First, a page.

The flamacue combines a partial single stroke roll with flams. The accent on the ‘e’ can be tricky to nail at first, but this drum rudiment sounds great in fills and solos, and learning it will help you improve your stick control.
The flamacue takes a single stroke five and adds a flam to the first and last note.
There’s an accent on the second note of the grouping (the ‘e’) which gives it a unique sound and feel when played at full speed.
Here’s what it sounds like:
You can use this tool to practice along at the tempo that’s best for you (it’s the one Drumeo members use when practicing with the 3000+ play-along tracks inside our members area).
You should master the single stroke five and the flam before learning this rudiment. Tight double stroke technique and a good grasp of the paradiddle will help you nail the transitions between the note that falls on the ‘a’ and the grace note before the final flam.
Start by practicing the single stroke five. Then add in the flams. Finally, when you’re ready, add the accent.
The biggest challenge here is consistency. Your flams should be tight and there should be very little space between the grace note and the primary note.
Here are some tips to help your flamacues.
When you’re first learning how to play something, it’s fine to test it out without a metronome as you get used to the pattern. But you shouldn’t go click-free for long. The metronome will help you develop a better internal clock and show you exactly where the timing of your strokes is inconsistent (or where it’s right on the grid).
You can buy a physical metronome at a music store or download a metronome app online.
While it might be tempting to get up to speed as quickly as possible – especially if you’re feeling confident – make sure you’re really starting each flam with a soft grace note and that you’re nice and relaxed.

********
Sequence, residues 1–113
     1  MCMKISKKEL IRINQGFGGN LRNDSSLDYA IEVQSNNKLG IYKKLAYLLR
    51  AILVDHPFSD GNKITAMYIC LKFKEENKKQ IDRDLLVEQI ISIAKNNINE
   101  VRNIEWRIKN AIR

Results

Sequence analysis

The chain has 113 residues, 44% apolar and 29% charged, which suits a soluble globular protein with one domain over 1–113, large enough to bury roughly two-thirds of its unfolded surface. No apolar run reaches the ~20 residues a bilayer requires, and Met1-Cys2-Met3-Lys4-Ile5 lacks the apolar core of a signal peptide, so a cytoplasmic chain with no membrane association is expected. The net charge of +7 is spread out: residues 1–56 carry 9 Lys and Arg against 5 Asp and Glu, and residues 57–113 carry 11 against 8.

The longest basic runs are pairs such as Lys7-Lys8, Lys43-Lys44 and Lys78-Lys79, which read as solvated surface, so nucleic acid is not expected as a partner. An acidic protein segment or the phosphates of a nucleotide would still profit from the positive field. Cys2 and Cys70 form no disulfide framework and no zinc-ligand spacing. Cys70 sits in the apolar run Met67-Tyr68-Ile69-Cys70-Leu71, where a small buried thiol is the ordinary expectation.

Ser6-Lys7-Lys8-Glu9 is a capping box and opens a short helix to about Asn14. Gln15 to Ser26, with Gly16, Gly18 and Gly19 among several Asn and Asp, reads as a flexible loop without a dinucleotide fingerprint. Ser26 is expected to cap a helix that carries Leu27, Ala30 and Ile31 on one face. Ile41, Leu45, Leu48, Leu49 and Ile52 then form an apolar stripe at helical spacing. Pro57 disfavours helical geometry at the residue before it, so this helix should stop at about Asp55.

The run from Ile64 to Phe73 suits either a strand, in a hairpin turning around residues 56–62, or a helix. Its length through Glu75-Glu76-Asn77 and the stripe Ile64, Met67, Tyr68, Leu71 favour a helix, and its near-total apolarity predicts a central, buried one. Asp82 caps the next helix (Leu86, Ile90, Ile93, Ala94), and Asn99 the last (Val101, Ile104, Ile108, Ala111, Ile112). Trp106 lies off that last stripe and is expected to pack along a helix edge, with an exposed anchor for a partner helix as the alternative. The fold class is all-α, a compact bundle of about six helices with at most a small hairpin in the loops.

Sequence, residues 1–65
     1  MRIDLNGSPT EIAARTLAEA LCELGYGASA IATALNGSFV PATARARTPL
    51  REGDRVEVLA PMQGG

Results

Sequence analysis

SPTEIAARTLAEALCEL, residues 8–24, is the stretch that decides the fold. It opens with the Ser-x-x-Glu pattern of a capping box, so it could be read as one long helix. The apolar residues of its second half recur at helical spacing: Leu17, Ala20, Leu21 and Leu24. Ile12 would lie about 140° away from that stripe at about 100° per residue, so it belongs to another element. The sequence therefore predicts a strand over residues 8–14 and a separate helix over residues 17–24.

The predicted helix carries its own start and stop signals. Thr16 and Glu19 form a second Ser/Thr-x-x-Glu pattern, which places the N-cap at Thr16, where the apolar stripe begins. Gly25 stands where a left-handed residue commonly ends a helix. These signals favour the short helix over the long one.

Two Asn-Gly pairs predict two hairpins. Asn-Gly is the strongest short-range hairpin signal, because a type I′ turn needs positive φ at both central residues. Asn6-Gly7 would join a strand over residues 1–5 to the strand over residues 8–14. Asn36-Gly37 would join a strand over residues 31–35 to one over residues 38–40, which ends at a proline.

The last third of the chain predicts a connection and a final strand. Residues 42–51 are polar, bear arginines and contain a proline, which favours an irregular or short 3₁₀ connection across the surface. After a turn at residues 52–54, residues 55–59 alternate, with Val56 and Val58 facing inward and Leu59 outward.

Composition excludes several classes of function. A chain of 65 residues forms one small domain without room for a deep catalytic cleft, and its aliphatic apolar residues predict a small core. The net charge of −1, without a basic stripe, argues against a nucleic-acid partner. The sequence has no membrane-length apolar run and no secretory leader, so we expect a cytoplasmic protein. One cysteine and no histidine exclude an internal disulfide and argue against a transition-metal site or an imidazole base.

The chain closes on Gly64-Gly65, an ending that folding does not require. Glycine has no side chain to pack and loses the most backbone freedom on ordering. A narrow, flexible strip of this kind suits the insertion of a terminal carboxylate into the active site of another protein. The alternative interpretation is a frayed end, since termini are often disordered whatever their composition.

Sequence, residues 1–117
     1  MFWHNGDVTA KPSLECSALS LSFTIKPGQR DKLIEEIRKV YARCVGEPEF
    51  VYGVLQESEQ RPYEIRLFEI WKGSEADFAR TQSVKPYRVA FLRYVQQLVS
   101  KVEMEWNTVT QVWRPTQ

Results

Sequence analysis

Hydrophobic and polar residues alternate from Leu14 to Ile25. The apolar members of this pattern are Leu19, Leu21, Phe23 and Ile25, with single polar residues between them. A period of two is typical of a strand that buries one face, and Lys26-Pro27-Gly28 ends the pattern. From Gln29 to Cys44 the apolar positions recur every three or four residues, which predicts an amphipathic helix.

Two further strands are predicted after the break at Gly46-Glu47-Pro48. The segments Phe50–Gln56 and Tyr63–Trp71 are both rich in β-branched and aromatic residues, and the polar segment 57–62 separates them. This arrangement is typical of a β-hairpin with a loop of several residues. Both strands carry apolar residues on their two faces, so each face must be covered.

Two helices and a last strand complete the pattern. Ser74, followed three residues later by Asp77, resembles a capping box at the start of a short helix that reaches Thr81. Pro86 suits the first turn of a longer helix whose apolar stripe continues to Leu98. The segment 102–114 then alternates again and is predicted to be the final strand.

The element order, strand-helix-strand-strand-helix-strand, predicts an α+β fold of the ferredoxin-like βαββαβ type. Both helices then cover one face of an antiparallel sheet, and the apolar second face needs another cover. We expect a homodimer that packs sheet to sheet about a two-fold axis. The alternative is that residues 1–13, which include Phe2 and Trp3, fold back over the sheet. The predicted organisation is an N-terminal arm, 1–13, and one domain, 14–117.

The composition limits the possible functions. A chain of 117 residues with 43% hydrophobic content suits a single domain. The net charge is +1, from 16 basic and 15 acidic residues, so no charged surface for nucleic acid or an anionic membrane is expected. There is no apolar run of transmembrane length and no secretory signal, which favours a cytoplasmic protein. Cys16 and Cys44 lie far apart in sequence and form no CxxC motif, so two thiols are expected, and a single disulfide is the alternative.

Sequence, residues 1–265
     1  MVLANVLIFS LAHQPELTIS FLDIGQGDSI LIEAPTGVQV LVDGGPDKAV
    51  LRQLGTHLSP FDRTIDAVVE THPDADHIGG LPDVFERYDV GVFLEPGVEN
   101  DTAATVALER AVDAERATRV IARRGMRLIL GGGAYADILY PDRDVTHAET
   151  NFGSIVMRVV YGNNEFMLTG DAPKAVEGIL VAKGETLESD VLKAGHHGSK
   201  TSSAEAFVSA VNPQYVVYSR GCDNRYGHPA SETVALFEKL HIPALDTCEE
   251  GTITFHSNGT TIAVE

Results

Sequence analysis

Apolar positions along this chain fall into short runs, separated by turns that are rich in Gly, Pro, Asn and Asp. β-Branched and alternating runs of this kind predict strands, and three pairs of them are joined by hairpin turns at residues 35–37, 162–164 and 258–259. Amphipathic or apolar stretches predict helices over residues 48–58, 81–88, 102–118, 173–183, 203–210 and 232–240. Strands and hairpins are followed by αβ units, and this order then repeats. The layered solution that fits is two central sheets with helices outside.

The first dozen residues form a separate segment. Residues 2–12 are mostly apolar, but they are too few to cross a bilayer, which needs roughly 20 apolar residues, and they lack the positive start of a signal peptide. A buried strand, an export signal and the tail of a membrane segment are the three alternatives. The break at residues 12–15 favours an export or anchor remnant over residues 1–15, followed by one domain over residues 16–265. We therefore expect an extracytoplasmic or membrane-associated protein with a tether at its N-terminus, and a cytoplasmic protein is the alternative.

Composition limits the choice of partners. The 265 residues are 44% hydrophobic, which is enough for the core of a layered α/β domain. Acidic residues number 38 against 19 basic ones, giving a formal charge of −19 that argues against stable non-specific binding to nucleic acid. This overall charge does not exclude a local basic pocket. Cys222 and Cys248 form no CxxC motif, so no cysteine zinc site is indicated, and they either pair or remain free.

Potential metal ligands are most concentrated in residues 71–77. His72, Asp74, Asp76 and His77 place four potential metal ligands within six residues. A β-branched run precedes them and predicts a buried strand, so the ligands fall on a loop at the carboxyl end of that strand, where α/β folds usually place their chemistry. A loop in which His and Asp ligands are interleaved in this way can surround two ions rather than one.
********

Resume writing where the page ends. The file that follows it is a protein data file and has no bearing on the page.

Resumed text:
Be honest with yourself and don’t increase the tempo until you’ve really got it down. Don’t just say “it’s good enough”. Develop control first, and speed will come later.
Try setting your metronome to 60 BPM and slowly work your way up 5 BPM at a time.
If you’re a right-handed drummer, you probably default to starting everything with your right hand. Make sure you practice starting with your left hand too. This will give you more confidence and control.
It’s easiest to correct your posture or grip immediately if you’re watching yourself in a mirror. Try to set up a practice pad and a snare stand in front of a full length mirror if you can.
You’ll be able to notice if you’re gripping your sticks too hard, or if your stick height doesn’t look right. Use your reflection as a window into how you’re doing. It’s like becoming your own drum teacher!
While playing in front of a mirror will help you fix issues on the fly, you might not realize during your practice when something is wrong. Sometimes we don’t notice issues while we’re in the middle of playing – especially if we’re concentrating hard.
Whether you’re propping your phone on your dresser or capturing it all with a camera and tripod, it’s helpful to watch your practice sessions and critique yourself from a ‘third party’ perspective.
Once you’re comfortable playing it on a practice pad or a single drum, try moving it around the drum set.
You can keep the pattern on one drum or break it up between multiple surfaces. Try the following exercises to get started.
Any surface can be part of the pattern! If you’re a more advanced drummer, you could even challenge yourself to break up the sticking between your hands and feet.
The flamacue is just one of many rudiments that’ll give you more creative ideas and control, and it’ll challenge you to combine several skills you already know.
With enough solid practice, you should start feeling more confident in your playing. If you can get comfortable with all 40 rudiments, you’ll be able to do virtually anything on the drums.
Try learning the pataflafla next – it’s similar to the flamacue but has a few key differences.
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